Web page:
Decree Nisi and Absolute
How to obtain a Decree Nisi
When a divorce is granted in the Royal Court, the petitioner will be granted a decree nisi. The decree nisi is a conditional divorce which does not become final until the decree absolute is granted some six weeks later.
How to obtain a Decree Absolute
Either party can apply for the Decree to be Absolute. One or other party must apply for the Decree Absolute
Application by petitioner
The petitioner or their lawyer completes the application form 12 and hands it in to the Judicial Greffe. The form needs a £40 Treasury stamp.
The application can be made six weeks and one day after the decree nisi is granted.
Application by respondent
The respondent or their lawyer completes the application form 12 but must also summons the petitioner using form 15. The form needs a £40 Treasury stamp, but the summons needs an extra £150. The summons asks the petitioner why they have not applied for the decree absolute.
An application can be made six weeks, plus three months, after the decree nisi is granted.
If you need to purchase treasury stamps while the Treasury is closed, e-mail firstname.lastname@example.org with your request and you will be given further instructions.
Granting of Decree Absolute
The decree absolute will usually only be given when all the arrangements for children have been agreed.
The granting of the decree absolute should be simple and straightforward, but the arrangements and orders for any children have to be agreed. These arrangements could be held up if either party does not agree.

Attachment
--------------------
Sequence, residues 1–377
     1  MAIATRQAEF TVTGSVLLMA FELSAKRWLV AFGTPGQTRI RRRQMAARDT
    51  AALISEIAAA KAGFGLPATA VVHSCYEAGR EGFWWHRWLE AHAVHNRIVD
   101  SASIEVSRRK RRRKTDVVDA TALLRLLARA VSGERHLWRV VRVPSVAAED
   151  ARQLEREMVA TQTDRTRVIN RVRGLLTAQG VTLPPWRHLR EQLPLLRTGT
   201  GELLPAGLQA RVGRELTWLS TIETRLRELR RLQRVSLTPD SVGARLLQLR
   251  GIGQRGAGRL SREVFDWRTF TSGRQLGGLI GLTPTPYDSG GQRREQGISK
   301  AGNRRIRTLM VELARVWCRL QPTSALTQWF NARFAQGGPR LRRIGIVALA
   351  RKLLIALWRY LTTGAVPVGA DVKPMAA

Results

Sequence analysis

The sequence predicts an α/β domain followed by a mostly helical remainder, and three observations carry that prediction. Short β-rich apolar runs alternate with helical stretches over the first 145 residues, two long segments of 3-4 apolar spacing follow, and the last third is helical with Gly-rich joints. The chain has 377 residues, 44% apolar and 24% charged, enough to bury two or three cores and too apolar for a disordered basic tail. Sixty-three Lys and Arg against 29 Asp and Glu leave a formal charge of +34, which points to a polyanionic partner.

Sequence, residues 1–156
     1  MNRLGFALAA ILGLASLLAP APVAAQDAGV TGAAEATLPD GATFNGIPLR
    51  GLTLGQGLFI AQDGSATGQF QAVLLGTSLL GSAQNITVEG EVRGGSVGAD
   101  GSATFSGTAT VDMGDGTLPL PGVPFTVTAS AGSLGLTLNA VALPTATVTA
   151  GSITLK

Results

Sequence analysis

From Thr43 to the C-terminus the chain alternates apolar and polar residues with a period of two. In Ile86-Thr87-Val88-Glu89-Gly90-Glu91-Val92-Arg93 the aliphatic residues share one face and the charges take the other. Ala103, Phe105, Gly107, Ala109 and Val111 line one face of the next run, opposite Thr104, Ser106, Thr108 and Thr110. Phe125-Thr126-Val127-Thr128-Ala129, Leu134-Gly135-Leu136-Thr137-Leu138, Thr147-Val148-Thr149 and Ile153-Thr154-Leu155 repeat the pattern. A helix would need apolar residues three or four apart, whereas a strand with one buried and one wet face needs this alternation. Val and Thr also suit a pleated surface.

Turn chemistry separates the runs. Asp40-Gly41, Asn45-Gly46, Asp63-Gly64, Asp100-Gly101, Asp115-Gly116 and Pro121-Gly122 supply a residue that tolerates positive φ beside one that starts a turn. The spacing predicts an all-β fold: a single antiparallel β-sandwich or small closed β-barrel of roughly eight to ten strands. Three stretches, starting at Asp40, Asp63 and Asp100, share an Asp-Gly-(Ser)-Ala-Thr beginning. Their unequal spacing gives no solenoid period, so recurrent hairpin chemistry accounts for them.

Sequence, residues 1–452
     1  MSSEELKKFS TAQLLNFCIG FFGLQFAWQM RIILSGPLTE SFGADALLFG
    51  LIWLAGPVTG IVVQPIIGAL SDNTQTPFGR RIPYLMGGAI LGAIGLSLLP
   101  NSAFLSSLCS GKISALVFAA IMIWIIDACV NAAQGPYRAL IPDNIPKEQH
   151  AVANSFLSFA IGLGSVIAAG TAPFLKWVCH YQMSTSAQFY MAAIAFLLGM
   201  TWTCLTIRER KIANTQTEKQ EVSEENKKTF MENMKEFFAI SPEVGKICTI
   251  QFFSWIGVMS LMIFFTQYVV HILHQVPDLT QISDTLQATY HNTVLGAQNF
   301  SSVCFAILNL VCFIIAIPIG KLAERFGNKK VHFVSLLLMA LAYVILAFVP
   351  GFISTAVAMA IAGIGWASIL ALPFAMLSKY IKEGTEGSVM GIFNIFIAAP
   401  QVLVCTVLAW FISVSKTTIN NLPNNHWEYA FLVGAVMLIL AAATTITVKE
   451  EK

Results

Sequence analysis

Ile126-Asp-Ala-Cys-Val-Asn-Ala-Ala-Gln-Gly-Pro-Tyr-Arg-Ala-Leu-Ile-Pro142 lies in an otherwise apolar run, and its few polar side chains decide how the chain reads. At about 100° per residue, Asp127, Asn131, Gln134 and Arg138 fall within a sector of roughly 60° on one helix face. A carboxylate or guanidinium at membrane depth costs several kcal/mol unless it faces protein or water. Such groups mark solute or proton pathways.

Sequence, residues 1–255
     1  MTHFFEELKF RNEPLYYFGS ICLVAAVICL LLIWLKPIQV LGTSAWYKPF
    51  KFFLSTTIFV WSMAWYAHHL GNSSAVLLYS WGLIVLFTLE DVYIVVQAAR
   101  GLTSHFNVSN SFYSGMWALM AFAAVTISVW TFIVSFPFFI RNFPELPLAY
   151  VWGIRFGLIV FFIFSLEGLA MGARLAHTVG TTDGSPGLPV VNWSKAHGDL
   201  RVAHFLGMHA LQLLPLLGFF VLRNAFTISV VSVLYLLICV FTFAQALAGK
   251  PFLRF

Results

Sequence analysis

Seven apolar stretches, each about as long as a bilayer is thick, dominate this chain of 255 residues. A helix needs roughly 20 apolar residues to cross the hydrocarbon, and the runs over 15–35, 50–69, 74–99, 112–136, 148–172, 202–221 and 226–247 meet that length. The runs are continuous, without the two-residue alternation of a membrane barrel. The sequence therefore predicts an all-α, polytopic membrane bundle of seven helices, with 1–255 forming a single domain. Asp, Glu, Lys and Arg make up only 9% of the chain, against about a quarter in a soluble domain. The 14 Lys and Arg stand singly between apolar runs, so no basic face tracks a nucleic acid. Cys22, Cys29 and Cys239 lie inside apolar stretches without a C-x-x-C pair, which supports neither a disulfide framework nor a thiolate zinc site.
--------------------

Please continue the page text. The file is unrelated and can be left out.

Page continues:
It is up to the respondent to convince the court that the decree absolute should be granted in the event that the petitioner does not respond to the paperwork or make an application.
It is possible for either party to apply for the decree absolute without the use of lawyers by using the Judicial Greffe, but the lawyers who have been acting during the divorce should be told that they are no longer instructed to avoid two sets of paperwork being produced or there being a misunderstanding.
If neither party asks for the divorce within twelve months, the court may ask for the reason for the delay.
Setting aside or stopping proceedings
Before the Decree Nisi
You can stop at any time.
After Decree Nisi
If the petitioner, who has been granted a decree nisi, changes their mind and does not wish to apply for the decree absolute, the respondent can apply for the decree absolute after six weeks plus three months, even if the petitioner does not agree.
The decree nisi can be set aside or cancelled if both parties agree.
If one party does not agree, it may be possible to appeal to set aside a decree nisi by writing to the Court. Advice should be sought from the Judicial Greffe or your lawyer.
After Decree Absolute
There is no way to set aside the Decree Absolute.
Get a copy of the Decree Absolute
Write to the Family Division of the Royal Court enclosing a cheque for £30 payable to the Treasurer of the States or Treasury stamps to the same value and also a stamped addressed envelope.
You will need to provide your full name, your ex-spouse’s full name, the month and year that the divorce was finalised.
Division of assets
Agreements on finances and children are usually made before the Decree Absolut stage of a divorce. Parties can come to agreements themselves and the court will decide if the agreement is reasonable. Family Mediation Jersey and Family Foundation can help parties come to agreements over assets and children. If parties are unable to come to an agreement, they should seek legal advice.